These dilemmas intrigue me -- like the ongoing arguments about what, exactly, the Banksy opening of "The Simpsons" was satirizing -- because it's a matter of figuring out what the funny part is supposed to have been. Kids have used "gay" jokingly, to mean cheesy or unmanly or uncool or even to pointedly signify "actually not at all homosexual" for a long. long time. So, when I hear people claiming (as they are) that the joke would be like saying, "that's so jew" or "that's so negro," I think they're missing the point by several nautical miles. Likewise those who equate it to saying "that's so gay" about a Judy Garland album or a Madonna video. No, the "joke" (quotation marks to imply "such as it is") may have demeaning, sissified overtones ("'Dancing with the Stars' is so gay"), but if the reference can be said to be at all humorous in intent, there should be either no overt correlation between the object of comparison and gay culture, or it should be ridiculously overstated.¹ To say, on the other hand, that Kathy Griffin's audience is "so gay" is not a joke, it's just a statement. (God, I love to analyze jokes.)
In his LA Times blog, Patrick Goldstein wrote:
Comedies are our favorite form of escapist entertainment. But is it really a comedian's responsibility to worry about whom they offend? If so, they wouldn't be comedians anymore -- they'd be out of business. Lenny Bruce, Richard Pryor and George Carlin were comic gods because they managed to offend virtually everyone, whether they were rich and famous or an oppressed minority.
No one's saying "The Dilemma's" gay electric car joke is the stuff of legend. But it's still comedy. And comedy is a lot like free speech -- sometimes you have to hold your nose to support it. If you don't stick up for the flimsiest kind of humor, then you can't protect the most important kind either.
In the word of Leo McKern: "Hold." Nobody has to "defend" a bad joke in a movie. This isn't a First Amendment issue, unless you are a Dr. Laura-ist in your interpretation of the Bill of Rights. Nobody is questioning the filmmakers' right to make the joke. (And, as the Supreme Court recently ruled, multinational megacorporations like NBC Universal Globochem now have all the free speech rights of individual US citizens, without the regulations or responsibilities!)
This is going to come down to a business decision: Is "The Dilemma" a more salable movie with or without the gay joke? Universal hasn't said whether it will remove the gag from the movie itself, or if taking it out of the trailer is sufficient. I don't particularly care, because I don't want to see a Ron Howard comedy that -- at least from the trailer I saw -- makes some performers I like (Vaughn, Queen Latifah) deliver some cringe-worthy material. I believe people and corporations should be free to do what they're going to do, say what they're going to say, and reap the consequences.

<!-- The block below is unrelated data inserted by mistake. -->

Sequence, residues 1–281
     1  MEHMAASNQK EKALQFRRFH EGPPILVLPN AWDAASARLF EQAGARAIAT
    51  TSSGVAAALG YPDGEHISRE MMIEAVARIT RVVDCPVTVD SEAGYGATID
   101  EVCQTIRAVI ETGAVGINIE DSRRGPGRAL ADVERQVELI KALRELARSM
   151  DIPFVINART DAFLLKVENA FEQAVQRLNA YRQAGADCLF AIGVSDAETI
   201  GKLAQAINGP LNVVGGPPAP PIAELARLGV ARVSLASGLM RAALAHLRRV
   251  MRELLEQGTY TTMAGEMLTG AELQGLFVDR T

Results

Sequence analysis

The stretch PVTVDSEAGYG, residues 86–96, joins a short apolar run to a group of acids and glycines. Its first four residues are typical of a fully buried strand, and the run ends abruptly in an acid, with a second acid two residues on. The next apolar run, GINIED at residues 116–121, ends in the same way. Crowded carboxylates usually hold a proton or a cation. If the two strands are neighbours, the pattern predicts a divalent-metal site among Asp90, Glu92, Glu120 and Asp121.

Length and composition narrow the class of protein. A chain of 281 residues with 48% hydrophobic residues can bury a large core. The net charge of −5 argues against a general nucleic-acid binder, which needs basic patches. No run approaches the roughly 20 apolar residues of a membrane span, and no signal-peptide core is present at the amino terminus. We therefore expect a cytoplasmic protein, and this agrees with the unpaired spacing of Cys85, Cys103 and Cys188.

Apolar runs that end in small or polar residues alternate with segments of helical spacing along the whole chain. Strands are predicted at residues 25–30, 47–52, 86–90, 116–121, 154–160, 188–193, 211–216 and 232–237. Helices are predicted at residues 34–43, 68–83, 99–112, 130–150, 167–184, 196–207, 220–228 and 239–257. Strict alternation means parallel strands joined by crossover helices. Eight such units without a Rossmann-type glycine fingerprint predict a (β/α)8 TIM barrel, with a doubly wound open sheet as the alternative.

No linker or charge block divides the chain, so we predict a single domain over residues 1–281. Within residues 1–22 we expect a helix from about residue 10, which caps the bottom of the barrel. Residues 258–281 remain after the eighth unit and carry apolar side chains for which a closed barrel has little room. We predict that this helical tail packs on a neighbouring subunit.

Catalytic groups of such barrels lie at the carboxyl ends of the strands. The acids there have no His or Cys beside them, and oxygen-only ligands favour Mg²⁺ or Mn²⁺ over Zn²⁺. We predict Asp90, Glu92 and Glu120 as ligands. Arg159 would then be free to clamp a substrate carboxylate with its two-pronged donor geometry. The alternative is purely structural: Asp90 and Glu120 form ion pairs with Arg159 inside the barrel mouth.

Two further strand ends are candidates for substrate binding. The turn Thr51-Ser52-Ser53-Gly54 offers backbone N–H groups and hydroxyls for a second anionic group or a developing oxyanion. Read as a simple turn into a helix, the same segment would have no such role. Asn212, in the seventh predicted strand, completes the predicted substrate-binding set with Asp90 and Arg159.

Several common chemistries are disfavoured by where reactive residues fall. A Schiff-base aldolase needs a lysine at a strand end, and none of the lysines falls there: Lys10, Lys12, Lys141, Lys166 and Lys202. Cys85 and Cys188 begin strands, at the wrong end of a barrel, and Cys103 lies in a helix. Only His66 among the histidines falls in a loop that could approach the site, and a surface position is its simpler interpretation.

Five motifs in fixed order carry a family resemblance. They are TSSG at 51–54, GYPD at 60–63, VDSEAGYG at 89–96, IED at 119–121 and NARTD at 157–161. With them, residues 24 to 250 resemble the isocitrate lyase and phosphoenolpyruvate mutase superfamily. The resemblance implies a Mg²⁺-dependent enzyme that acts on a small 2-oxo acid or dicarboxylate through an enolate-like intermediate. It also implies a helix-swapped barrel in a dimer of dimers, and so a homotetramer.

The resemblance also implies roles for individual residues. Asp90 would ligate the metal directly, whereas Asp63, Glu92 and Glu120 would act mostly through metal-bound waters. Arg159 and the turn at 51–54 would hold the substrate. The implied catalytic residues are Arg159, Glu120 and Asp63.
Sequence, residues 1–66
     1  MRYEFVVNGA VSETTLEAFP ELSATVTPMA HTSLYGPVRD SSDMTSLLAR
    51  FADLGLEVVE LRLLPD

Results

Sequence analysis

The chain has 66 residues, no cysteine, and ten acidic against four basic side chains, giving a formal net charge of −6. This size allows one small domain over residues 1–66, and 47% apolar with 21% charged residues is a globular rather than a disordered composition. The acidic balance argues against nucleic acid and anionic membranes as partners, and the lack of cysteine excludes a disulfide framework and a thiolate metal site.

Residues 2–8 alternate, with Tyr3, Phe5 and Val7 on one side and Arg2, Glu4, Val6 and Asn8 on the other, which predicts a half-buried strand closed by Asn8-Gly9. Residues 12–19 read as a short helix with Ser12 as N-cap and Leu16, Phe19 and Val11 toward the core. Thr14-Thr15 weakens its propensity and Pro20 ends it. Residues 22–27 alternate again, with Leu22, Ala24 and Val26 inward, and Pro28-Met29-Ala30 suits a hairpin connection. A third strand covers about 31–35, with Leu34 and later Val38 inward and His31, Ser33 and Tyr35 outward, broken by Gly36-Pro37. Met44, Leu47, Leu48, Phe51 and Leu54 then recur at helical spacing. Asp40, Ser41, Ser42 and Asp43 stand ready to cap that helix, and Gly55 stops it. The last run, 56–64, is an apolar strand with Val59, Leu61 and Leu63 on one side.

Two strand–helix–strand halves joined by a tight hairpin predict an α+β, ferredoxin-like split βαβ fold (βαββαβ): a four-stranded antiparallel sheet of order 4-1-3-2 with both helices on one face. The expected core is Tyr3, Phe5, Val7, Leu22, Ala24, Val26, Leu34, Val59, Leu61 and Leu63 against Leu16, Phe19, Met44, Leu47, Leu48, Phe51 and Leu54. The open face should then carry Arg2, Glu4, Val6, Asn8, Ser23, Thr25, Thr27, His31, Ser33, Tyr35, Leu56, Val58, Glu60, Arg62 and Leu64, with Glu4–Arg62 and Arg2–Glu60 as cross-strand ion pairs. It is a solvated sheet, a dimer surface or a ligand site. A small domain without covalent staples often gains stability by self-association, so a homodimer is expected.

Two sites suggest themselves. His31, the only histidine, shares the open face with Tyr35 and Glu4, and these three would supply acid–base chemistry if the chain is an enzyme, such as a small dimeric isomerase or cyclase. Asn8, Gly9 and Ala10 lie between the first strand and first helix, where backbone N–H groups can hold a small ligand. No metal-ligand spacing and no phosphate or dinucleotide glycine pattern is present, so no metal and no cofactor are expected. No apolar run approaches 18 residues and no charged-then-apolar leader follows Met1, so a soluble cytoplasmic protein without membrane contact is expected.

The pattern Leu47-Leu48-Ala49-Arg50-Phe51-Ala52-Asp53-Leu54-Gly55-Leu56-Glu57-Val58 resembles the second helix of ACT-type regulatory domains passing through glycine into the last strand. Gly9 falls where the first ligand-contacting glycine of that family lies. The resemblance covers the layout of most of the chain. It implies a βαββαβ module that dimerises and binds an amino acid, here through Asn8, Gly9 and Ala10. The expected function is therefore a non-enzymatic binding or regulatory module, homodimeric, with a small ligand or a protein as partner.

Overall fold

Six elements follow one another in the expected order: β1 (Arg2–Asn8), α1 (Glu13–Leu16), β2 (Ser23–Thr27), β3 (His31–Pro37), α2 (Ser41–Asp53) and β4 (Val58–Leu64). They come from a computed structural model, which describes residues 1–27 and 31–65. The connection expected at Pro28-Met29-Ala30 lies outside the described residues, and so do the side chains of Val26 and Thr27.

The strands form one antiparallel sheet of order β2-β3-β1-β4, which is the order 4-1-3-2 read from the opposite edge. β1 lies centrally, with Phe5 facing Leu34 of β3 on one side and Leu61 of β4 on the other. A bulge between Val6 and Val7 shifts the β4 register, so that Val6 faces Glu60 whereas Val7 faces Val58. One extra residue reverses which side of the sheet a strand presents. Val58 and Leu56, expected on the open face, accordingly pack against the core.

But you know they'd market the hell out of the deleted joke in the unrated DVD extras -- even though the joke has absolutely nothing to do with the movie's MPAA rating.
- - - -
¹ This famous scene, between Seth Rogen and Paul Rudd over a game of Mortal Kombat, is hilarious for a lot of reasons, mostly having to do with the characters' mocking their own sexual insecurities, and their competitive attempts to outdo each other's jokes while playing the game:
Cal: You're gay, now?
David: No, I'm not gay. I'm just celibate.
Cal: I think... I mean, that sounds gay. I just want you to know this is, like, the first conversation of, like, three conversations that leads to you being gay. Like, there's this and then in a year it's like, "Oh, you know, I'm kinda gonna want to get back out there, but I think I like guys," and then there's the big, "Oh, I'm... I'm... I'm a gay guy now."
David: You're gay for saying that.
Cal: I'm gay for saying that?
David: You know how I know you're gay?
Cal: How? How do you know I'm gay?
David: Because you macramed yourself a pair of jean shorts.
Cal: You know how I know *you're* gay? You just told me you're not sleeping with women any more.
David: You know how I know you're gay?
Cal: How? Cause you're gay? And you can tell who other gay people are?
David: You know how I know you're gay?
David: You like Coldplay.
Scout Tafoya's video essay series "The Unloved" reconsiders "Tron: Legacy."
Chaz recalls how much Roger loved the Oscars.
Scott Jordan Harris argues that disabled characters should not be played by able-bodied actors.
Chaz writes to Roger about attending the Oscars without him.